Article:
Three original Argo and Decca albums compiled together for the first time: Lassus with an English accent. In 1970 Preston became Organist and Choirmaster at the Cathedral of Christ Church Oxford, and the Argo
recordings that resulted pay eloquent testament to his gifts as a choir trainer. A pair of them featured music by the most fluent of the Low Countries polyphonists, Orlando Lassus.
The first was made in 1973, and widely recognised as a landmark album for its clarity of inner-part voicing and vivid sensitivity to Lassus’s word-painting. A sequel followed two years later, pairing the fifth of the Penitential Psalms with some of the motets for which the composer is best known such as the splendid Omnes de Saba venient and Alma Redemptoris Mater with its soaring top line ideally suited to an English cathedral treble line. A Decca album of three Masses made two decades later enables instructive comparisons to be made between the pointed attack of Preston’s Christ Church choir in this music with the much smoother euphony of King’s College, Cambridge.
Commentators habitually rank Lassus’s Masses well below his motets, but nothing in the Masses heard here discloses Lassus at anything less than the height of his powers. Both Missa Bell’ Amfitrit Altera and Missa Vinum Bonum are conceived for double choir - each choir being in SATB formation - and they accordingly show a greater opulence than most of their companions.New booklet notes introduce Lassus’s life and work, written by the renowned scholar of Renaissance polyphony, R.J. Stove.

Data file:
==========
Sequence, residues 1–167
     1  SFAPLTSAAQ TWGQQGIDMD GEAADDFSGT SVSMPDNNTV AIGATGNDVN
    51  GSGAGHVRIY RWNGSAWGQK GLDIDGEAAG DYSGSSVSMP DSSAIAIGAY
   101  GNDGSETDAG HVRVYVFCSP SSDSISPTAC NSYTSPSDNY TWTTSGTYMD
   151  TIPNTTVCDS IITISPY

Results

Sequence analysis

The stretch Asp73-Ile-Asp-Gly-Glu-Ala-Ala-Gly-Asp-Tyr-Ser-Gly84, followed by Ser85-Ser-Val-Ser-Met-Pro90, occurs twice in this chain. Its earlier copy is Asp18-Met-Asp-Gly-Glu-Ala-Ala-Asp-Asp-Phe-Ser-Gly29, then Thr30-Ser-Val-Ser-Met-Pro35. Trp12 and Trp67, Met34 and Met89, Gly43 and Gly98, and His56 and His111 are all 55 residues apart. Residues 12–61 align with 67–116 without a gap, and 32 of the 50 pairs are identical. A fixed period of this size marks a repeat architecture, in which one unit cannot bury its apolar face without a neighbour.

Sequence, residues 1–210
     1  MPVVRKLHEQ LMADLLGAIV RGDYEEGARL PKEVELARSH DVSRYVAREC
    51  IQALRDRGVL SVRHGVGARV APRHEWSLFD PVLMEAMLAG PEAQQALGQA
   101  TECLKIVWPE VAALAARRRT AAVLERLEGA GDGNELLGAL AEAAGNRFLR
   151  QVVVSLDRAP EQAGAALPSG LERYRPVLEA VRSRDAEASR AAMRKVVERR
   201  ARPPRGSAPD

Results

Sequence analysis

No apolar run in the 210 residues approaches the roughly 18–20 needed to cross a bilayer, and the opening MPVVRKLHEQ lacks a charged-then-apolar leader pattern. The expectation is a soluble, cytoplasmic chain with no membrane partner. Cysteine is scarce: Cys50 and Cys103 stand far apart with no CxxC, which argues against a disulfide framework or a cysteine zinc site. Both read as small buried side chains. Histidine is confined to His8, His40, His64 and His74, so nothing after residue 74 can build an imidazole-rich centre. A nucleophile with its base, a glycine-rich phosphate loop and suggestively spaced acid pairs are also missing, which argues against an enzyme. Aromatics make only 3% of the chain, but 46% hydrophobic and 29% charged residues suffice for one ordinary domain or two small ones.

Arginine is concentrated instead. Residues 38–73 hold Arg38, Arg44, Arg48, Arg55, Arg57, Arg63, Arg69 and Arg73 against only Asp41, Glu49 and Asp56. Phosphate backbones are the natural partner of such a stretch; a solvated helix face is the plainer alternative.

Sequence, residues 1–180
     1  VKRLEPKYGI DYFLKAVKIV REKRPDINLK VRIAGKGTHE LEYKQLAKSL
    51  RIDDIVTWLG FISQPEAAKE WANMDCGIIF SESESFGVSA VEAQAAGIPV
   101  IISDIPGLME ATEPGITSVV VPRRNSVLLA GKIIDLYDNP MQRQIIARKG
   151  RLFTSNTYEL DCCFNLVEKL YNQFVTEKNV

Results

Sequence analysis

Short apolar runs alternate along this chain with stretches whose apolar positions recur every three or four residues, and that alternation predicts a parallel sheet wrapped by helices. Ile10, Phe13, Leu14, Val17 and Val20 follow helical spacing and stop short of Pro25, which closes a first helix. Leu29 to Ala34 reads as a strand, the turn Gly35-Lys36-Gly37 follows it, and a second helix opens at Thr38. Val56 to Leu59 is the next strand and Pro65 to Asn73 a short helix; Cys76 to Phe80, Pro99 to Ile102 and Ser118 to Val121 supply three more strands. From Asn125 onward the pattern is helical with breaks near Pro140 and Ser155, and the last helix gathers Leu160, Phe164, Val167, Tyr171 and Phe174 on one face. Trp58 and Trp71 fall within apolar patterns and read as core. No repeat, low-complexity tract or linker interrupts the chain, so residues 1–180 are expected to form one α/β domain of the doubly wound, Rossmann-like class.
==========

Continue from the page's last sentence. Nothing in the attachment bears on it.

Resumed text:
‘[Preston] can achieve brilliant effects from a choir; the sonorities in his performance of Omnes de saba venient are hair-raising, and his reading of the splendiferous Tui sunt coeli is no less superb.’ - High Fidelity, March 1978
‘A sensitive and powerful account of the highest technical accomplishment, one of the most exciting records of early choral music to appear for some time. Recording quality is high.’ - Musical Times, January 1977 (Christ Church, Oxford)
‘These are fine performances, typical of the English treble tradition at its best.’ - Gramophone, July 1996 (King’s College, Cambridge)